12. I have achilles tendonitis, high arches and ball of foot ,would the Hoka work for me ?I have the Vionic sneakers, as well as the high arch Vionic sandal. These work for a while but feet burn after wearing.Can you recommend any podiatrist in the Syracuse, New York area ?

  13. I have hallus rigidus and my podiatrist said to get a pair of Hoka.. Now I’m overwhelmed with all the options.
    Im 49 I have a desk job but I will squeeze in15k-20k steps in a day either 1-2 mile run or walking breaks. I used to wear Dansos for work now Nurse Mates bc of swelling. Which model is best? To wear for every day walking g and work. Which for concrete street short runs/walks..

  14. I just want to add that I bought a pair of Hoka’s and put in my custom made insole. I didn’t think much of it but when I had my yearly check up with my podiatrist and previously that year had plantar fasciitis, he wanted to look at my shoes. The custom made insert did not fit properly in the Hoka’s. When he showed me how the extra cushion in the Hoka’s along with my insole turned my foot the wrong way. I never noticed it but it was quite obvious after he showed me. I sold my Hoka’s.

  15. I am a65 year old female with flat feet and bunions and do to left knee replacement my right leg is 1/2 inch shorter so I wear a lift. Which Hoka shoes would you recommend?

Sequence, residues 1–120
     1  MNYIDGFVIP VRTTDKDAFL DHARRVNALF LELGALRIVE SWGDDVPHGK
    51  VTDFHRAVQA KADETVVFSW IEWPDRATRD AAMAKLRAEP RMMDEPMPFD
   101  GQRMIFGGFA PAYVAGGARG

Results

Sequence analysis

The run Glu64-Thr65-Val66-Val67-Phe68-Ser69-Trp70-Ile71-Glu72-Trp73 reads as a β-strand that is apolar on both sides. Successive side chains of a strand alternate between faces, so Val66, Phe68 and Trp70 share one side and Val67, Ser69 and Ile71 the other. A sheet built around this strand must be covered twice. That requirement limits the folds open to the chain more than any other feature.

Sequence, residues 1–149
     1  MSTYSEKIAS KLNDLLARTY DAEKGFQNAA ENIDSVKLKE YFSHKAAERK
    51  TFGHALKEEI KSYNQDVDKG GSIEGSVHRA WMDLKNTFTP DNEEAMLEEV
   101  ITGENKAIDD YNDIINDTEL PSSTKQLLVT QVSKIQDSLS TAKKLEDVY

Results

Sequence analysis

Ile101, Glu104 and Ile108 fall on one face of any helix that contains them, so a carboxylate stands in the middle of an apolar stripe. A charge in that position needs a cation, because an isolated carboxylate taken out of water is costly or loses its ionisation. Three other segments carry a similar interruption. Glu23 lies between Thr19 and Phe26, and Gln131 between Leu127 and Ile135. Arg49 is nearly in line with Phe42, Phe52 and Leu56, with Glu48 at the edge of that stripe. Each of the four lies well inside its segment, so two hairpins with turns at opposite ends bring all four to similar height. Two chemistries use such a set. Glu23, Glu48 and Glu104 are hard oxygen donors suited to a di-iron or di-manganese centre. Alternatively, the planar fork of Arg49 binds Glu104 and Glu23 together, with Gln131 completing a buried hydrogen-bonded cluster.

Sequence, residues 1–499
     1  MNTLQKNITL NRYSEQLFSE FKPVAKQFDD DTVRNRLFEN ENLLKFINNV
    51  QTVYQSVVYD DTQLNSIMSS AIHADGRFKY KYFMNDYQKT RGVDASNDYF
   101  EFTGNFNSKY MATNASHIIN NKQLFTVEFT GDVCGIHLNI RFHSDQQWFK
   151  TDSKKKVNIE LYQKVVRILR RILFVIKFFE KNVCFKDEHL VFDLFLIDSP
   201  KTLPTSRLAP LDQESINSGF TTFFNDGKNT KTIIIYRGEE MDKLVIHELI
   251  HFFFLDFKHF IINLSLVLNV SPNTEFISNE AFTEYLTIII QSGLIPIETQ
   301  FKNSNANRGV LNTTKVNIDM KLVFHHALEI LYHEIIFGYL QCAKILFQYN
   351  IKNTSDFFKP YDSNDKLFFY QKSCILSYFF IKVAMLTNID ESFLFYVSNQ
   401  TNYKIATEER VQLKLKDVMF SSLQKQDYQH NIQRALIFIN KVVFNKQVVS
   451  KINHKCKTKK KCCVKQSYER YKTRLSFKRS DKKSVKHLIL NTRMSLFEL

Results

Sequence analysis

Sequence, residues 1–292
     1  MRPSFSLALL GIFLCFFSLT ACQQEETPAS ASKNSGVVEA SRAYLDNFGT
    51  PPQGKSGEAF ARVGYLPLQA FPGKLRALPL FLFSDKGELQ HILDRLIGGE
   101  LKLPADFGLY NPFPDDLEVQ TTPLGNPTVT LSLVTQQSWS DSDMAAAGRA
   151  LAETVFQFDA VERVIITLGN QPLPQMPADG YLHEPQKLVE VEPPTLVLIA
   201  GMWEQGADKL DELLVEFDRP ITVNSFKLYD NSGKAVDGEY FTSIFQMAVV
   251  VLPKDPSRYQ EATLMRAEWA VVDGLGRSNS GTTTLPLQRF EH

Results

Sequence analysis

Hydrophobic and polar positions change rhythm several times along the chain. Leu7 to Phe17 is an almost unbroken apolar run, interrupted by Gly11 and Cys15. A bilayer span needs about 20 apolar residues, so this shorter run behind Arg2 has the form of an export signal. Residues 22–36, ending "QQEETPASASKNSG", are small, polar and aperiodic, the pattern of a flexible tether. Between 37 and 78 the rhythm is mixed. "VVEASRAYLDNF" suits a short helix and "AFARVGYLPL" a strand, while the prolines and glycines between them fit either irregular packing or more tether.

16. I’ve tweeted the company they need a double X Wide for those of us who need greater than a 4E. Tried their x wide feels great rocker is greater cushioning is awesome. I have some big toe pain and a NM.

  17. Dr. Huppin is correct, uber cushioning and rocker soles are not the answer for everyone. I have been buying and wearing hiking shoes that pass muster with Outdoor Gearlab (independent reviewers). A pair of Hokas topped their list in 2020. Compared with also top-rated La Sportiva, Salomon and Arc’Teryx hiking shoes, I get foot fatigue sooner with the Hokas. Left foot problem is pretty mean midfoot joint osteoarthritis. Right foot has advanced hammertoe.

  18. I don’t think rocker bottom shoes are recommended for Achilles Tendonitis. I have Insertional Achilles Tendonitis and was told by my podiatrist not to wear Hokas. They stretch and pull on the IAT and make the condition worse. I wear New Balance 990v5 now. Like them a lot.